Friday, May 26, 2017

Gauss Weapons, Reloaded!

Not going to lie. I want one!
I've long said that I was going to get around to tackling gauss weapons on this post and its about time I make good with my word!

In today's (late GURPSday) post I take a look over the gauss weapons in Ultra-Tech and see if I can give them a good dose of updating!

For the past couple of weeks the ol' Doctor of GURPS ballistics himself, Douglas Cole (actually a real doctor and has actually really been a ballistic object before), has been taking a crack at updating the rather dodgy assumptions and stats that conventional fire arms had in Ultra-Tech with a little feature he calls Sunday is Gunday (praise the lord and pass the ammo) over on his blog, Gaming Ballistic

Then there's the fact that not to long ago PK released this post over on the GURPS Forums were David was reevaluating how damage is handled with EM weapons.

Well, needless to say both of these factors inspired me to get back on track with messing around with gauss weapons. Now the last time I tackled gauss weapons was do to a request and I hadn't quite yet settled on way that tackled the subject to my satisfaction. While the stat I came up with aren't that off, they were based on  the stats from Ultra-Tech as is and well... these stats have issues.

And I don't mean like in the usual typos, typos everywhere! that Ultra-Tech is known  and loved for for (40mm railgun has a 150lbs magazine. Magazine holds 200 rounds. 40mm rounds weigh 6lbs per shot.... yeah seems legit).

First off, to quote David L Pulver himself, "Since the Weapon Design Rules, while functional, remain vaporware, some weapons in UT were not modified if deviated too much from Basic Set."

Basically the stats for the gauss weapons were based off of the gauss weapons found in the Basic Set and were basically made without any kind of real design process, this means that they do not line up at all with the more logically designed weapons that show up in High-Tech. Because of this while my write ups line up with Ultra-Tech, Ultra- Tech doesn't line up with later books.

So I figured that it was about time to finally through my weight in at this problem and see if I could do something about it. Now this isn't going to be a total breaking down and rebuilding of the assumptions behind the weapons that Doug is doing but rather an attempt to bring the weapons in line with the more evolved way of stating guns found in High-Tech as well as make the weapons all have a connecting logic rather then seemingly being stated up on a whim.

So to go over what I did:

For damage and range I used the formulas Douglas Cole derived for his custom spreadsheet His sheet is the closest thing we have to the raw figures atm though his figures for half damage range do seem to differ from RAW a little. Note as suggested by  the EM weapons update post,  the listed damage values are with the weapons fired standard, non-AP rounds. Upgrade the round to APEP to bring them back up to what's listed in Ultra-Tech (I also offer an alternative write up of APEP rounds at the end of this post).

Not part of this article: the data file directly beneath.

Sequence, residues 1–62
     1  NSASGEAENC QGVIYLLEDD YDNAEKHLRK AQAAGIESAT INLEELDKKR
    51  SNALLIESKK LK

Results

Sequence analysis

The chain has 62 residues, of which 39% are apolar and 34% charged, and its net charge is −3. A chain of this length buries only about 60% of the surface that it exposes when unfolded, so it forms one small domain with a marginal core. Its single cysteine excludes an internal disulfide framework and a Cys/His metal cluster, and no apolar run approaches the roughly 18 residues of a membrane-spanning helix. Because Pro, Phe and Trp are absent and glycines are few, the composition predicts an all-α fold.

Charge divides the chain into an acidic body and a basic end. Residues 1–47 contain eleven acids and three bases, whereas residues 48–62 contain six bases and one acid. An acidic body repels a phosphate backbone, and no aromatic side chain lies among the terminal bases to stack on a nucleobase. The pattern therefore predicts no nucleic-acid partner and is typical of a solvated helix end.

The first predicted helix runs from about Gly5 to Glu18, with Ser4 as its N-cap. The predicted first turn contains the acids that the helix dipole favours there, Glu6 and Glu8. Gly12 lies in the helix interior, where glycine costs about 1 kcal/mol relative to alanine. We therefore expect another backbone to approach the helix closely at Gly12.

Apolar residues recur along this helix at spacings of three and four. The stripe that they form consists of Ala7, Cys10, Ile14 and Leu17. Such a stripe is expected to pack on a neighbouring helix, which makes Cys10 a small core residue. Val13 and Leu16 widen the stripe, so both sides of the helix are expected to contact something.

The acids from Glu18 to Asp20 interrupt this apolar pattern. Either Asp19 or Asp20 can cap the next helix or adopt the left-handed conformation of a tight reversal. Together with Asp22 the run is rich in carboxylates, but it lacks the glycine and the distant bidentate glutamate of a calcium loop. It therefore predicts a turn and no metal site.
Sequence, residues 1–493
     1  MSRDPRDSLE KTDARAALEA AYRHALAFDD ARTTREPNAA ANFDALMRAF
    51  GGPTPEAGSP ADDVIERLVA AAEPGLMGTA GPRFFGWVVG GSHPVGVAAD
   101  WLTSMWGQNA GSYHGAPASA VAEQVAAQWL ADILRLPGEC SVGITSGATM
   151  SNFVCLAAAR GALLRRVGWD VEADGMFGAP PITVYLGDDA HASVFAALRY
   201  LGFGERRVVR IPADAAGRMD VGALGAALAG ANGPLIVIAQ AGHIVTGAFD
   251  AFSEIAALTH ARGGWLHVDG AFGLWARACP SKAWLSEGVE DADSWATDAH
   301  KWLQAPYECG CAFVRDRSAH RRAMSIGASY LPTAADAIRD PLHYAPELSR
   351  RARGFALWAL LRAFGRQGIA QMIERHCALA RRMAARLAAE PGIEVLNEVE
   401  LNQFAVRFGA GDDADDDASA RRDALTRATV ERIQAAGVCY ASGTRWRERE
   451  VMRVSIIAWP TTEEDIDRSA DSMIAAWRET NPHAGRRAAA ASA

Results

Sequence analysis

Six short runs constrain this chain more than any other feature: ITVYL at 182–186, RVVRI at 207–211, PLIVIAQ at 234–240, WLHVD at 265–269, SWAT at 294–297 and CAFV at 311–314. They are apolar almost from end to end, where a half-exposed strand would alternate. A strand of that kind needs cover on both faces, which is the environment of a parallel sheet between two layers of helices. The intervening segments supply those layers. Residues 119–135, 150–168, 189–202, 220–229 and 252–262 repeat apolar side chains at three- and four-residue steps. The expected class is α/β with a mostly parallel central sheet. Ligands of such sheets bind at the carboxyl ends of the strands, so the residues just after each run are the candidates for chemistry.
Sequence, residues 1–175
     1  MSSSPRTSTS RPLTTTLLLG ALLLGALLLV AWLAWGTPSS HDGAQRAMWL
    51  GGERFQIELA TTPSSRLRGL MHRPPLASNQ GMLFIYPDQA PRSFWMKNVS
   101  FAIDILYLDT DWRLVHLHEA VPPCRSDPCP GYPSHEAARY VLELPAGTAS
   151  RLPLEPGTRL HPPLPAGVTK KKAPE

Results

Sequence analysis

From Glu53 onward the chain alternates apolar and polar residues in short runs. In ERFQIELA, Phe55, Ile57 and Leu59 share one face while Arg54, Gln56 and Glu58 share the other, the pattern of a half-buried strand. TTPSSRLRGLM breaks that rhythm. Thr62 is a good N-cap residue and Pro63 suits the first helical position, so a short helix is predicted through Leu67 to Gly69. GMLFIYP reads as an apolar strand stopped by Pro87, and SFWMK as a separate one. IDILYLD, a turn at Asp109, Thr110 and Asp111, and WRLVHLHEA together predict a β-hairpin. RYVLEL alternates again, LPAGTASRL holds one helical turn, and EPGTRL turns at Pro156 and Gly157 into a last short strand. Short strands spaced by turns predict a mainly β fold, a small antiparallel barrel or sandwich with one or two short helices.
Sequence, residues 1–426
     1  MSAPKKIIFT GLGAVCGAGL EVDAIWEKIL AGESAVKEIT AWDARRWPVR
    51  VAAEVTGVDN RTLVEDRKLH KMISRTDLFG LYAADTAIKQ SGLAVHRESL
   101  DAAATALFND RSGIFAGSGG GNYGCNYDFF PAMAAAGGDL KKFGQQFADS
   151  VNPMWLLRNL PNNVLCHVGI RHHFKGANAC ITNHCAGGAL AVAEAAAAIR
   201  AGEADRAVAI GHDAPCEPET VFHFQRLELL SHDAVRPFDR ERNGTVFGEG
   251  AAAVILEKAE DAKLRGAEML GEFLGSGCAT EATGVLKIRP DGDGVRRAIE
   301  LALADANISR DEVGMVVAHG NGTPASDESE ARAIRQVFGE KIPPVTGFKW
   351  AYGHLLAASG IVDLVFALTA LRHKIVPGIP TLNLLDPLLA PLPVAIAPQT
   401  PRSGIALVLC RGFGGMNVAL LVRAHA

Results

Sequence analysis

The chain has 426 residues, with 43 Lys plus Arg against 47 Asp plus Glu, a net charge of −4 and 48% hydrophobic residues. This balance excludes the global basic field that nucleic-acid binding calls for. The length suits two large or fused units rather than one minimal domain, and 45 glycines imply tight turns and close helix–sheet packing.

Figuring muzzle energy and power draw was pretty easy.

The 4mm gauss rifle stated it fired at around 5,000fps (1,5000m/s actually) and the rounds weights 0.006lbs. This gives a muzzle energy of 3.07kJ. For the other 4mm gauss weapons I just had to scale the energy with the given ranges and damage. The 7mm HMG was a little trickier as the only listed velocity for the 7mm round is way over the top so I had to scale velocity to got I got something that lined up with listed damage.

The drained power per show was figured by taking a look at how much energy it would take to fire a full magazine for given gauss weapons and compering that with the energy density of TL10 power cells. This worked out to an efficiency of around 50%.

For weight I divided the listed empty weights of the weapons covered and divide them by their muzzle energy and then scaled them down to what they would weight if they had ROF 1. This of course resulted in a weight range that was kinda all over the place. While most of the 4mm gauss weapons were in the same ball park, the heavier weapons got really light for loads they were flinging.

After some messing around I found that an base empty weight of 1.81lbs×muzzle energy in kilo Joules. For weapons with ROF greater then 1 I multiplied the base empty weight by 1+(ROF/20). This gave me results that were pretty close across the board. Heavy weapons like the 7mm HMG and then 4mm minigun ended up much heavier then the listed weights but their official weights don't make any sense when compared to how heavy less powerful gauss weapons are.

Cost is pretty steady at $1,000 per pound of weapon weight.

Bulk was figured using the bulk formula from the Blaster and Laser Design System (Pyramid 3/37 Tech and Toys II). It's flawed but it does work pretty well for small arms (it does get wonky with larger weapons though).

For Rcl, I did test out some ideas I had for how the stat is figured but in the end they all gave me Rcl 2 anyway so I left Rcl as is. My Rcl ideas aren't ready to be published yet.

For ST, you guys can use this work around.